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Psrn Scale Point 8


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Hi Everyone,

This is a tricky question... I was wondering what type of things other people have observed children doing do obtain scale point 8 in any aspect of PSRN. As yet, I have to award it to any of my children because I have no clue what I'm looking for! I'm sorry if I sound really silly! I'm sure that some of the children in my class can 'do it' but have no observations or evidence of this. Can anyone help?

Also, the way my setting is structured means that we have free-flow between 2 classrooms, with my classroom containing the 'creative' parts - e.g. malleable, junk modelling, drawing (graphics), construction, challenge area and the book corner, and the other classroom contains the 'academic subjects' - e.g. literacy (writing), numeracy, KUW activities/exploratory play, role-play and small world. Due to this the only time I observe any aspect of PSRN is when it's at the Challenge Area in my classroom - HELP!

 

I really appreciate your ideas/help/advice,

 

Sam x

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Hi Sam and welcome, if I havent already welcomed you elsewhere!

 

Challenges are super for assessing the problem solving aspect of PRSN. You need to talk to the children about how they do something and how they know, or why. You could also assess this within your teacher focus times.

 

however, it does sound as if you need to rethink the way you are working to give you the opportunity to free flow with your children and see the other "half" of the curriculum in action.

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I am intrigued by this challenge area can you tell me more about it? What is it? what sort of activities do you offer in this area? Would be interested in implementing in my setting!!

 

Haven't heard of it before

 

Thank you in advance to your response!

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Hi Jo Jo,

Of course I can!

My challenge area is an area where the children are set a challenge/challenges and when they complete them they receive a sticker/certificate.

 

In the week before half term I had sorting compare bears as a challenge, making a pattern with the bears, drawing pictures of favourite characters, writing their favourite parts of various stories, making a bear without drawing (the children's choice!), using a construction toy to make a house/chair/bed suitable for one of three bears and explain why it is for one particular bear.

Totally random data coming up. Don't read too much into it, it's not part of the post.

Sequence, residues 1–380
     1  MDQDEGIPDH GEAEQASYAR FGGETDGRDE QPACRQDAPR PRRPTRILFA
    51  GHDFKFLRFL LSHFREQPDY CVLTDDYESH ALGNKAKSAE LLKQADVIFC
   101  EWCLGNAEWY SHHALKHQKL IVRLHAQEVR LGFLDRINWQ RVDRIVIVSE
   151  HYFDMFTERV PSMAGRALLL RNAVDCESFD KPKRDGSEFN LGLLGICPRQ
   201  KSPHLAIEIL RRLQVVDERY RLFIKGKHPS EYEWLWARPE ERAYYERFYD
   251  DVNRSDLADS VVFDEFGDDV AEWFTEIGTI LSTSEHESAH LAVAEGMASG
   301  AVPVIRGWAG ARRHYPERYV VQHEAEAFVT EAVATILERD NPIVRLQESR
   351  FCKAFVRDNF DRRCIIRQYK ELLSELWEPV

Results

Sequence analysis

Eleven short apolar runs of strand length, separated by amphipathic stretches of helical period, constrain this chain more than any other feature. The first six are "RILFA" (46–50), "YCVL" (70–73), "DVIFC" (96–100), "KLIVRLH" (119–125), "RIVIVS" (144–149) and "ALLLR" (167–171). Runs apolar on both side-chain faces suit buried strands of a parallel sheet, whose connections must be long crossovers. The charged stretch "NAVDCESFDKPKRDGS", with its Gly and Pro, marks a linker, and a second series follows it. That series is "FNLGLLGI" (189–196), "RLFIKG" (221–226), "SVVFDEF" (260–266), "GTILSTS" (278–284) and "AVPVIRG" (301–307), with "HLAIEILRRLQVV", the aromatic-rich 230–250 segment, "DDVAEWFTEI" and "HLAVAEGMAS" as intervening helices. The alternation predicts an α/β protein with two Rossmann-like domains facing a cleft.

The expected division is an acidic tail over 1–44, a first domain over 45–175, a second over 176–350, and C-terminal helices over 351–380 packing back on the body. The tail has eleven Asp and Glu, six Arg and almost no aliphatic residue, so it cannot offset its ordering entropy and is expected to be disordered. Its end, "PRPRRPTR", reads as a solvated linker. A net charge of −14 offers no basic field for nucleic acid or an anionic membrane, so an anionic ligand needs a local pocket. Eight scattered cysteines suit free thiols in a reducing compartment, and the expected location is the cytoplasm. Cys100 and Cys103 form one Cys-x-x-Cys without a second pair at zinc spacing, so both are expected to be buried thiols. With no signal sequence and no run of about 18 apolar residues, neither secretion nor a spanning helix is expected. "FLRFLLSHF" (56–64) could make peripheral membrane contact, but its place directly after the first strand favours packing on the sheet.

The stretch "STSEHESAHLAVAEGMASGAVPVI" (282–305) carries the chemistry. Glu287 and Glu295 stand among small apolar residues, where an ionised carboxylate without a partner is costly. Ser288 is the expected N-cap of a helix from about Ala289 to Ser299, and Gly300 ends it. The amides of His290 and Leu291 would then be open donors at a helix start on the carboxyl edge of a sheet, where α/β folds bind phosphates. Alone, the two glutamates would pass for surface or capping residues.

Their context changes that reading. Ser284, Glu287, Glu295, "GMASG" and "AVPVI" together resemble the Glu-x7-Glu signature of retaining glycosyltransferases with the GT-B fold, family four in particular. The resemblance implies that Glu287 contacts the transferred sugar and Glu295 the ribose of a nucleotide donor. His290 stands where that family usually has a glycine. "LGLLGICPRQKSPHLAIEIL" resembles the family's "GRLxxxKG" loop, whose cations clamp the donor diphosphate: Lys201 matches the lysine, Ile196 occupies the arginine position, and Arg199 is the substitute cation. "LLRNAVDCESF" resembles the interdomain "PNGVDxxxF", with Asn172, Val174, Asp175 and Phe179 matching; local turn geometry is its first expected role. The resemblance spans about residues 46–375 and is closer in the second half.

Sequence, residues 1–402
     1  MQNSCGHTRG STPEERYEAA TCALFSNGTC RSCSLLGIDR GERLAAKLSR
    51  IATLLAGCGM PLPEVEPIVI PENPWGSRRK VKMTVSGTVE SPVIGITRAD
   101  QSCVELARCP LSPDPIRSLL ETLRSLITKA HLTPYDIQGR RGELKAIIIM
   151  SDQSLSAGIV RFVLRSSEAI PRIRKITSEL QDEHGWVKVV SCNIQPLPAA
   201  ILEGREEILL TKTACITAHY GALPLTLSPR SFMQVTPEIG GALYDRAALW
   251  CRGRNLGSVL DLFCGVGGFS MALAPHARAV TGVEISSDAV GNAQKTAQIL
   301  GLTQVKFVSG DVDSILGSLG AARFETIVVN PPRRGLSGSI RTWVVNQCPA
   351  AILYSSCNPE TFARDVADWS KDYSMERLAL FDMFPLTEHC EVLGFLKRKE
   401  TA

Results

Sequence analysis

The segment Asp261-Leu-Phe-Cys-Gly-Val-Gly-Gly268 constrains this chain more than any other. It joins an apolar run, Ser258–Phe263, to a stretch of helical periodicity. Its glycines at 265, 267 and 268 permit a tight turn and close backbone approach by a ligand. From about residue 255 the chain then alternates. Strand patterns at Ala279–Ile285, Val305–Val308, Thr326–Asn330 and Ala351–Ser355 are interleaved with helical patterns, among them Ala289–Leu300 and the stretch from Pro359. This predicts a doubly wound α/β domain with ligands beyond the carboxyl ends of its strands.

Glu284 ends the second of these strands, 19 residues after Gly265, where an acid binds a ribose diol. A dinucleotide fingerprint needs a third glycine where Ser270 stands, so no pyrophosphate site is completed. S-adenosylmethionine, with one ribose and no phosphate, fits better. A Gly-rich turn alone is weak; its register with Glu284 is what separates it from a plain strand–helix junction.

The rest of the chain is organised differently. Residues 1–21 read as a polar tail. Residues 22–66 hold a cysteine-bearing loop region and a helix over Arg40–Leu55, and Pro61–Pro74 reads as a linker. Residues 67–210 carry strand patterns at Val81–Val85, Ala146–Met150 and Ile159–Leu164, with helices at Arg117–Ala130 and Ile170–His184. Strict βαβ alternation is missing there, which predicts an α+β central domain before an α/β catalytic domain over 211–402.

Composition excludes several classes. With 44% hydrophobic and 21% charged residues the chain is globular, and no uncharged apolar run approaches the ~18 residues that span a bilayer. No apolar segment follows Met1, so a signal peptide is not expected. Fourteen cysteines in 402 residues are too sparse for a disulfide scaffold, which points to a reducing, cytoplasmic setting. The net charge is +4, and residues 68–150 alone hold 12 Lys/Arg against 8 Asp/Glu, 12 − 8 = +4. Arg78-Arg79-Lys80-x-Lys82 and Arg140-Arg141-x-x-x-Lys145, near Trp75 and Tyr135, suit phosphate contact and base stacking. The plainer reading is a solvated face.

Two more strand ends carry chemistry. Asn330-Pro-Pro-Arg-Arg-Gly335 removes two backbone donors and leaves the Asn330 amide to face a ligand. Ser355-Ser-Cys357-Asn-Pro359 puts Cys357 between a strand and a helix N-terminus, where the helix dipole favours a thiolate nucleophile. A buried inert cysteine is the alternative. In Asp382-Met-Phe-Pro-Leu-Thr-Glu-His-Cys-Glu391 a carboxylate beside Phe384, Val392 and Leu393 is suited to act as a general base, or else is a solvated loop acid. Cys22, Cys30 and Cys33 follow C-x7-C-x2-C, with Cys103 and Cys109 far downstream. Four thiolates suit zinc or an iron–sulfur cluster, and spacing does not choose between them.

I also ask the children what they'd like their challenges to be, they often come up with things that you were thinking of but usually extend themselves even further. I also use it as a way of incorporating things that I might not see (due to our room set up) into my classroom (for example, the writing or sorting of bears).

 

I have recently introduced it and have found that the children really engage with the challenges and it can inspire others when they hear that 'so-and-so' have completed the challenge. I found that children who wouldn't usually access certain areas e.g. construction, now access these areas through the challenge.

 

If you look at www.sparklebox.co.uk they have 'ready made' templates for certificates and also challenge ideas and an editable challenge sign for you to use.

 

I hope this helps!

Sam x

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Hi, this is to everyone -

What type of activities would you offer in this area to promote problem solving?

Things such as can you make a __ for __?

Thanks!

Sam x

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I'm not sure I can be of any help - we find a lot of the PSRN points really hard to observe as incidentals. How can you find out that children recognise all the numbers 1-9 just through their play - you may find out about a couple of numbers but not all of them. It's really hard to get a balance between accurate assessment and observations through CI activities.

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  • 2 weeks later...

The green Early Years Foundation Stage Profile handbook gives some useful info of things to look for e.g.:

NLC8 - finding missing numbers, grouping, sharing, estimating

C8 - doubling, halving, grouping, sharing

SSM8 - choosing appropriate shapes for models/ pictures and saying why, choosing correct sized objects

 

(Not quite sure why grouping and sharing come under both NLC and Calculating, but never mind!)

Hope that is of some use.

Emma

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